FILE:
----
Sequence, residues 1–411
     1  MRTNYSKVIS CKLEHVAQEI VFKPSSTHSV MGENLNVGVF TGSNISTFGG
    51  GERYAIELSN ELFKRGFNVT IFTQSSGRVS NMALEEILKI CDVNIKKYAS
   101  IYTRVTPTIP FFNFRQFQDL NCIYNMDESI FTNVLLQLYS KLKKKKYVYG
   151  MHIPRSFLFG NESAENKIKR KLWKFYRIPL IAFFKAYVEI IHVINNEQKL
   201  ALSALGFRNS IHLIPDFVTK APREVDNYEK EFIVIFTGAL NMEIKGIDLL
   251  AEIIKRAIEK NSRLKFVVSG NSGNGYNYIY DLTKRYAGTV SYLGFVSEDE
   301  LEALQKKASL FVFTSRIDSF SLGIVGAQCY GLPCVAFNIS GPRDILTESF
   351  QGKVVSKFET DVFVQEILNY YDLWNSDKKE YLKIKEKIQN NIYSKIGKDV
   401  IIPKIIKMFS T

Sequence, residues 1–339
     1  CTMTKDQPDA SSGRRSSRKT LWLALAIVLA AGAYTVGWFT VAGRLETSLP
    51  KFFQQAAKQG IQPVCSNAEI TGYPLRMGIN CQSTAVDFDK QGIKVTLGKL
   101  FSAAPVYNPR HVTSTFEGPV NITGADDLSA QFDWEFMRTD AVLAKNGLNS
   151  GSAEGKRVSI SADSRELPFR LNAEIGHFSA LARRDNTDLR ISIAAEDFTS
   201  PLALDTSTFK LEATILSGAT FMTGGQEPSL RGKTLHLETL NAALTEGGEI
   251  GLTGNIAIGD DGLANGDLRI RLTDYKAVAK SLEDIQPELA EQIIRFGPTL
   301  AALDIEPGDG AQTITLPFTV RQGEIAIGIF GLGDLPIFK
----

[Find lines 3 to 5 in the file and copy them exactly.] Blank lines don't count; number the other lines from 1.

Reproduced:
    51  GERYAIELSN ELFKRGFNVT IFTQSSGRVS NMALEEILKI CDVNIKKYAS
   101  IYTRVTPTIP FFNFRQFQDL NCIYNMDESI FTNVLLQLYS KLKKKKYVYG
   151  MHIPRSFLFG NESAENKIKR KLWKFYRIPL IAFFKAYVEI IHVINNEQKL